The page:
From 0 to 100,000 in eight years

From 0 to 100,000 in eight years The Scania Retarder has met with resounding success, with sales quickly exceeding forecast levels. At its launch in 1993, plans were dimensioned around expected sales of 3,000 units a year. This soon turned out to be a gross underestimate. Last year saw record sales of 23,000 units. Retarder number 100,000 recently left the Scania production unit in Sibbhult. Scania transmissions with integrated retarders are now built both in Sibbhult and in Tucumán in Argentina. After its launch, the retarder took the market by storm and capacity soon had to be expanded. Almost half of all Scania vehicles are specified with a retarder. In European long-haul operations, it is an even more common feature, fitted to 60 per cent of all such vehicles. A retarder brakes hydraulically without causing any mechanical wear, and it does not activate the wheel brakes. This is an important safety consideration on a heavy vehicle, since excessive use of the wheel brakes can cause overheating and thus impair brake efficiency. Another important benefit of the retarder is that it significantly reduces brake wear, which benefits the customer's operating costs. "It all began in the mid-eighties. Scania offered its customers transmissions tailored for retrofitting of retarders, primarily from Telma and Voith. They were popular, particularly in the mountainous regions of the Alps and Spain. Almost 3,000 units were retro-fitted each year by our customers," relates Hans Jönsson, who at the time was manager of the Scania Retarder project and today continues to play an active role within transmission development. "At that time, we had developed an advanced microprocessor-controlled retarder for our automatic transmissions. Inspired by this achievement, the company's technical executive board decided that we should develop our own retarder for manual transmissions. Tests got under way in 1986, with prototype testing and field trials taking over in 1990," he continues. The engineering directive included a brief to make the retarder as quiet as possible - an exhaust brake can be rather noisy, particularly when driving through a sleeping city at night. The retarder also had to be able to be disengaged quickly to prevent the wheels from locking. The entire retarder unit is installed at the rear of the standard transmission, easily accessible for service and maintenance. Considerable heat is generated during retarder application. This heat is led away via a plate-type oil cooler into the engine's cooling system - a solution inherited from the earlier automatic transmission era. At the Brussels Show in January 1993, the Scania Retarder was launched as an integrated auxiliary braking system - integrated because retarder braking was interlinked with the braking system in a variety of ways. The driver activates the retarder with the brake pedal or via a lever on the dashboard. The retarder interacts automatically with the engine's exhaust brake in order to maximise braking efficiency. From the start, both the retarder and the exhaust brake were linked together with the vehicle's ABS system. As a result, they are disengaged as soon as the ABS sensors register any wheel-locking tendency. "The advanced control system was ground-breaking - at the time of its launch, nobody had ever done anything quite like it before," explains Hans Jönsson. In principle, the system functions remain basically the same today. However, the on-board control system is far more advanced in today's vehicle generation, not least with regard to integration with the Opticruise automatic gearchanging system. Downhill speed control has always been a highly appreciated feature. The driver activates this function by pressing lightly on the brake pedal or by activating a button on the retarder lever. The truck then maintains a steady speed down the hill with the help of the retarder and exhaust brake. With Opticruise, downchanges take place automatically to increase engine revs and thus boost the output of the retarder and exhaust brake. Cooling too is more effective at higher engine speeds. Another important milestone in the development of the retarder came in conjunction with the launch of the new V8 engine last year. Using an electronically controlled engine cooling fan, the retarder and the engine's cooling capacity can be managed in an even more intelligent and efficient way. Illustrations can be found at, "Retarder anniversary". For further information, please contact: Per-Erik Nordström, Product Affairs, tel. +46 8-5538 5577, Scania is one of the world's leading manufacturers of trucks and buses for heavy transport applications, and of industrial and marine engines. With 26,900 employees and production facilities in Europe and Latin America, Scania is one of the most profitable companies in its sector. In 2000, turnover totalled SEK 53,800 million and the result after financial items was SEK 4,500 million. Scania products are marketed in about 100 countries worldwide and some 95 percent of Scania's vehicles are sold outside Sweden. Scania press releases are available on the Internet, ------------------------------------------------------------ This information was brought to you by BIT The following files are available for download:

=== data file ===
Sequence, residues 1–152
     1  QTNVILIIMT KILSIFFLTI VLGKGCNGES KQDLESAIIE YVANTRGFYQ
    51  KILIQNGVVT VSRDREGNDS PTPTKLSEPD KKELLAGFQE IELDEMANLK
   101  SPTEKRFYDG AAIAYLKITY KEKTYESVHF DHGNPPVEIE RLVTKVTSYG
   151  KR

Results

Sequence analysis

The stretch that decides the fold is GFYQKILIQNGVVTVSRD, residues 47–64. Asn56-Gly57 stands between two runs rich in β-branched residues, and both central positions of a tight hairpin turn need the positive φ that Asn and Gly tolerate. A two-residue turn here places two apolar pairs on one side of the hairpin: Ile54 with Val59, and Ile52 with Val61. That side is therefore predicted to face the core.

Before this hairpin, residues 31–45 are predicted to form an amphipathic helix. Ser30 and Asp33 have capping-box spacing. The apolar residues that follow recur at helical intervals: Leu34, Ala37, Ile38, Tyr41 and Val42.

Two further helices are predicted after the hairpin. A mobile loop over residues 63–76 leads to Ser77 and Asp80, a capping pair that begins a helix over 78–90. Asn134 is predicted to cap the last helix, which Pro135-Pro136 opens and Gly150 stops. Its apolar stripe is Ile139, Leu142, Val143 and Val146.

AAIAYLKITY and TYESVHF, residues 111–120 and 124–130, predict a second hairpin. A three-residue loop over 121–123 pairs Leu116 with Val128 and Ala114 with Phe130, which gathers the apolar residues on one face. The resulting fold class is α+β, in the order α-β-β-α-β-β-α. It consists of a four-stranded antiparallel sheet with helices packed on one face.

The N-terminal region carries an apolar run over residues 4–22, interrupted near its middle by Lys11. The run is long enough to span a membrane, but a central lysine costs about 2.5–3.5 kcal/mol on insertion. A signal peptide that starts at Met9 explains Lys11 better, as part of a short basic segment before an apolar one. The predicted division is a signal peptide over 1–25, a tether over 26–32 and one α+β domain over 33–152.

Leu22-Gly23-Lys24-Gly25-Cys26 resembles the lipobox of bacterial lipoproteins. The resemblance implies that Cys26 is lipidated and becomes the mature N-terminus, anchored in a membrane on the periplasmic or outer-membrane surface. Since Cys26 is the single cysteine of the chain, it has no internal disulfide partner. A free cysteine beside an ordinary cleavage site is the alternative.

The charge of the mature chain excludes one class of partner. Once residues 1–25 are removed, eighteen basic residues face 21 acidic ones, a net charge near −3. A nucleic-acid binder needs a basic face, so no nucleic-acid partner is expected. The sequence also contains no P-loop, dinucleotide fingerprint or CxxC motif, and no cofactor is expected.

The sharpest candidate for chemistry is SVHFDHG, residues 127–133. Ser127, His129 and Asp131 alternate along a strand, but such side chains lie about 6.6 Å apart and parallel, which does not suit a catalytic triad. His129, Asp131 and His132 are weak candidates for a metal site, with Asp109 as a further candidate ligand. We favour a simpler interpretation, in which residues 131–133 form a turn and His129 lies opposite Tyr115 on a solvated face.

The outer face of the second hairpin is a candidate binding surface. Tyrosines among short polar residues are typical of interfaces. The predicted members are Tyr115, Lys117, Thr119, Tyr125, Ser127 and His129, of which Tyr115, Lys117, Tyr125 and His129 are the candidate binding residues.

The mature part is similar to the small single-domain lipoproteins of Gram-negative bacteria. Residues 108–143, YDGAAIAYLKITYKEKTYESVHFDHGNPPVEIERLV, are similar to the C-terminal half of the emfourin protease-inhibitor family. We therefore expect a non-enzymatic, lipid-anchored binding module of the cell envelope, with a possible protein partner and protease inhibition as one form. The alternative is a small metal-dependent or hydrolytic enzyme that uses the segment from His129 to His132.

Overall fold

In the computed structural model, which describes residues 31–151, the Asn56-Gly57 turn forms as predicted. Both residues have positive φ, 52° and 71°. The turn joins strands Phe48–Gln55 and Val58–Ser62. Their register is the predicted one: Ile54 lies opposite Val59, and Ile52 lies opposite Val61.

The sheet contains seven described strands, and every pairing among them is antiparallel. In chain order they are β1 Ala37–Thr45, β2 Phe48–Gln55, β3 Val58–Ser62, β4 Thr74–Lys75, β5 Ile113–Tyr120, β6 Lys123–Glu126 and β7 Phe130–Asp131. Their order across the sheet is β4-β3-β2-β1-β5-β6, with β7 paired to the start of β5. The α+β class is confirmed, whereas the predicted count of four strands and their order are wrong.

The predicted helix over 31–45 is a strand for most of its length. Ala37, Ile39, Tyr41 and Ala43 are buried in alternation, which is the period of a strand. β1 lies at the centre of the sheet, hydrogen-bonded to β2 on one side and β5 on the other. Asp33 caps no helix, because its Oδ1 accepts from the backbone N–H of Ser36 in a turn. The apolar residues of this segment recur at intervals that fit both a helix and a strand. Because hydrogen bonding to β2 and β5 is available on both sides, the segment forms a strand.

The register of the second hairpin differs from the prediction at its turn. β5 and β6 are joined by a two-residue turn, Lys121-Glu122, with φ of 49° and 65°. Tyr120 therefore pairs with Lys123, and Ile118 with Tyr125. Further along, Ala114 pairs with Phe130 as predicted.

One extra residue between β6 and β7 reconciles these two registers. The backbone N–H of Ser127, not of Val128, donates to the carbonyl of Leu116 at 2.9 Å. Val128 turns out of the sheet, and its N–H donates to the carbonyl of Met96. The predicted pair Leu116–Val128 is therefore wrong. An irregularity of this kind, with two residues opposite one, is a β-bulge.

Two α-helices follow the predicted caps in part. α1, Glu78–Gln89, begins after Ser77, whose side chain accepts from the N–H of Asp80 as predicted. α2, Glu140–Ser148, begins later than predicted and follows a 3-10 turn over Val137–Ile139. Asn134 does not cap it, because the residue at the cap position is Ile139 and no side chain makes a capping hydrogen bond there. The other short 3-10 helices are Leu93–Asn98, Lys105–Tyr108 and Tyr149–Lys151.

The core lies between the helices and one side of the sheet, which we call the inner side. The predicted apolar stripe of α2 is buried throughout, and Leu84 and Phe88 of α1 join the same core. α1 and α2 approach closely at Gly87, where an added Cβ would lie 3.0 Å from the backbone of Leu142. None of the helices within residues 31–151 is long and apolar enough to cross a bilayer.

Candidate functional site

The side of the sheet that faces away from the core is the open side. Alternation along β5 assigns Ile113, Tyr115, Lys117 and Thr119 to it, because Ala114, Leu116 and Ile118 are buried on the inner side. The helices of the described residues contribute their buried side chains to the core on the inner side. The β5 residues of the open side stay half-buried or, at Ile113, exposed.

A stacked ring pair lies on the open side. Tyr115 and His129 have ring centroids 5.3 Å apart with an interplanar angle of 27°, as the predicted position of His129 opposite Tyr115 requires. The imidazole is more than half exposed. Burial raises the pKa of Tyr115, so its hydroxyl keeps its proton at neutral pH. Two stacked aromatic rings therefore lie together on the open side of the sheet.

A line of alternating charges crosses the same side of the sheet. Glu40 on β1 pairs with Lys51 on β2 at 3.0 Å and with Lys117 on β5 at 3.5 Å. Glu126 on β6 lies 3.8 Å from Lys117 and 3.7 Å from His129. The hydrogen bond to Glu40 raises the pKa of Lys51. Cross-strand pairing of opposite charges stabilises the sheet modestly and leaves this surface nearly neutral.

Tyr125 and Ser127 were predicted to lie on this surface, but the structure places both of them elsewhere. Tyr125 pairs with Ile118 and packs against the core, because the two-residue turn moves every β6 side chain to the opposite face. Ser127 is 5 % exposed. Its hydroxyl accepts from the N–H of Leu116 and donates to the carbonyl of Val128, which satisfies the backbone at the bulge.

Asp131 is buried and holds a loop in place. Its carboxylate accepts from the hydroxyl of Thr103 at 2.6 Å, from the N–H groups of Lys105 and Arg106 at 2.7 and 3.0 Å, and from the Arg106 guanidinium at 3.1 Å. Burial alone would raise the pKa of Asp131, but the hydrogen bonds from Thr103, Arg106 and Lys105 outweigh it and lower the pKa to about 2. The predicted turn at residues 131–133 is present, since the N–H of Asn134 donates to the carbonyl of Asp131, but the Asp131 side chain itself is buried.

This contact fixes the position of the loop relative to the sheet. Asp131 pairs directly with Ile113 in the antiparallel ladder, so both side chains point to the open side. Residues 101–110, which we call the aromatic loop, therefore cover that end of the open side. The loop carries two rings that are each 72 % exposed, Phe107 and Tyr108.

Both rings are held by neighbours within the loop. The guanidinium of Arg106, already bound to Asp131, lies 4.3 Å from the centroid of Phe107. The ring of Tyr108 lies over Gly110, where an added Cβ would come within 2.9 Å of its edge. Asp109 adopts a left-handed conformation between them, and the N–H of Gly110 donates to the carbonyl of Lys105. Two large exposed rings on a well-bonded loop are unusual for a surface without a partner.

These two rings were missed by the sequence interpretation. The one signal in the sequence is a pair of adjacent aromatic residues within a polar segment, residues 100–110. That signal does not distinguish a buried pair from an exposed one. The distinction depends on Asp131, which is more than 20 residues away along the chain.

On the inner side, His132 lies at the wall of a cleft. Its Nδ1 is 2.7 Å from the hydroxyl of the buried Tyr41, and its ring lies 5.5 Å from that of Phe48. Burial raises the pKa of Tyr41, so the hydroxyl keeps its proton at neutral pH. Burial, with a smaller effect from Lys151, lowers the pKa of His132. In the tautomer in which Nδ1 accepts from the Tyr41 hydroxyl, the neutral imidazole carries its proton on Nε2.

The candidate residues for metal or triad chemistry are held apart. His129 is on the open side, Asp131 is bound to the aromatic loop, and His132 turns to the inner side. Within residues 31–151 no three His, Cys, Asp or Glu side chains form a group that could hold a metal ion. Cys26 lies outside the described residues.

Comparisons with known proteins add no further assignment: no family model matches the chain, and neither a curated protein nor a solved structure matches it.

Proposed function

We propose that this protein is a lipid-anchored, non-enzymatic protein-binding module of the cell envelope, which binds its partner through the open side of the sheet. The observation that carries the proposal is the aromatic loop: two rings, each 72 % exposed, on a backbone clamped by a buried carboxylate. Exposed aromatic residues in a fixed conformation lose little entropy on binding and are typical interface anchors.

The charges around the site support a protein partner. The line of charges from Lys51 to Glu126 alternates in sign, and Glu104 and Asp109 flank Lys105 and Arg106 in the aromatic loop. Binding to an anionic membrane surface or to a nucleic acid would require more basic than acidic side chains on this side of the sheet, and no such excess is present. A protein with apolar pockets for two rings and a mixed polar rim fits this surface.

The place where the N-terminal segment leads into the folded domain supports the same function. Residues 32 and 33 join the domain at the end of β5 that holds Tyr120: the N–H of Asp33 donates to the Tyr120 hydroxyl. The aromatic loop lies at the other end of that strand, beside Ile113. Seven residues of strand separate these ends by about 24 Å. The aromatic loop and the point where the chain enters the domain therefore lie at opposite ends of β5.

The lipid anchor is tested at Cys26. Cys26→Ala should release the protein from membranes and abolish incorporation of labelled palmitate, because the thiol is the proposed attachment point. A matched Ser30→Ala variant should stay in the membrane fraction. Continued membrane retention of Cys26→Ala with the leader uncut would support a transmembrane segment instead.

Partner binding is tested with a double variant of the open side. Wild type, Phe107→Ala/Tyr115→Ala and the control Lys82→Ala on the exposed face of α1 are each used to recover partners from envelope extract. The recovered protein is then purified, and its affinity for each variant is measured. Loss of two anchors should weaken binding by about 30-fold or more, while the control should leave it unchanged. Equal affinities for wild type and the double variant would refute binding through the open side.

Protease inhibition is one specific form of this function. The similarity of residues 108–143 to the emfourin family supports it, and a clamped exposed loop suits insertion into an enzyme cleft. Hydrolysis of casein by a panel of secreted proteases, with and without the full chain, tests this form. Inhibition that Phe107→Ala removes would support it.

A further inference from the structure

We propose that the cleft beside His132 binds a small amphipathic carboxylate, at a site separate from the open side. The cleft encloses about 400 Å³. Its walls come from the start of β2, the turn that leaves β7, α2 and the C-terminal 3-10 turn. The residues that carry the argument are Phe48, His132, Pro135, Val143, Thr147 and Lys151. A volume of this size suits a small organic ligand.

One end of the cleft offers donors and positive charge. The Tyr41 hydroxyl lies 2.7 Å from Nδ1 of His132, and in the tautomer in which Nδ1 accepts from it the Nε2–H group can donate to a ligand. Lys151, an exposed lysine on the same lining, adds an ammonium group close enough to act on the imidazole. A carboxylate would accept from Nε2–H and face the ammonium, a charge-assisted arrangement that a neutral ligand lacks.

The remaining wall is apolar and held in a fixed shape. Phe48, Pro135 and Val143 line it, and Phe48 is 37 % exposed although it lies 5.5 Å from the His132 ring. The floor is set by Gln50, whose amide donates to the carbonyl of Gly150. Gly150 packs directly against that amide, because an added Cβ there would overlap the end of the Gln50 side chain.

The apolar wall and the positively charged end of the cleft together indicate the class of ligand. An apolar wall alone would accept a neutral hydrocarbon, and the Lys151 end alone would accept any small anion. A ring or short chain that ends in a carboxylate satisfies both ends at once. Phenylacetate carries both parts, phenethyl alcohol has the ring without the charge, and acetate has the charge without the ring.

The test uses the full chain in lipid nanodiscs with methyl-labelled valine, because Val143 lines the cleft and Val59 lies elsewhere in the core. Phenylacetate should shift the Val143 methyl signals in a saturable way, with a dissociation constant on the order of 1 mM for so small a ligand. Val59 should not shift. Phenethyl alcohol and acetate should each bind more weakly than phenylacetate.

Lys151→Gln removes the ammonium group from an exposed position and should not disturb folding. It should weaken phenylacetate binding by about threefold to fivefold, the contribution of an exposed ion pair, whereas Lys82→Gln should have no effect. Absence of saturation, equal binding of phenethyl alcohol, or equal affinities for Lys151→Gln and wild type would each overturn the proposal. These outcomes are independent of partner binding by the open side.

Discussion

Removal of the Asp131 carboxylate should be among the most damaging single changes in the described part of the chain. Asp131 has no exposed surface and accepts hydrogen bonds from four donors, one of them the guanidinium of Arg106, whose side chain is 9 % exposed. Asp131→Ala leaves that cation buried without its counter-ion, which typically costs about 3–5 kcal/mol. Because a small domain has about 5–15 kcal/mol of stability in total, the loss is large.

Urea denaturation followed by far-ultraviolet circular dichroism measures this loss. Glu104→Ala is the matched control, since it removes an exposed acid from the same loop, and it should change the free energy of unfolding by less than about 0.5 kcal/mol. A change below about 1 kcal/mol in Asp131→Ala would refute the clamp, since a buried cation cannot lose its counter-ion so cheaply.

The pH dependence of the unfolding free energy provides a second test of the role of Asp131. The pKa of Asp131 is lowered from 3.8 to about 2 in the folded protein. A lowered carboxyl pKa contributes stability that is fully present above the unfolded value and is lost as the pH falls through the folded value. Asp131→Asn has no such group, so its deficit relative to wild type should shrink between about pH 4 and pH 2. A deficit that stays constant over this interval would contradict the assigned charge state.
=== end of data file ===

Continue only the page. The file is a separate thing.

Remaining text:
About Us

Scania is a world-leading provider of transport solutions. Together with our partners and customers we are driving the shift towards a sustainable transport system. In 2017, we delivered 82,500 trucks, 8,300 buses as well as 8,500 industrial and marine engines to our customers. Net sales totalled nearly SEK 120 billion, of which about 20 percent were services-related. Founded in 1891, Scania now operates in more than 100 countries and employs some 49,300 people. Research and development are concentrated in Sweden, with branches in Brazil and India. Production takes place in Europe, Latin America and Asia, with regional production centres in Africa, Asia and Eurasia. Scania is part of TRATON AG. For more information visit: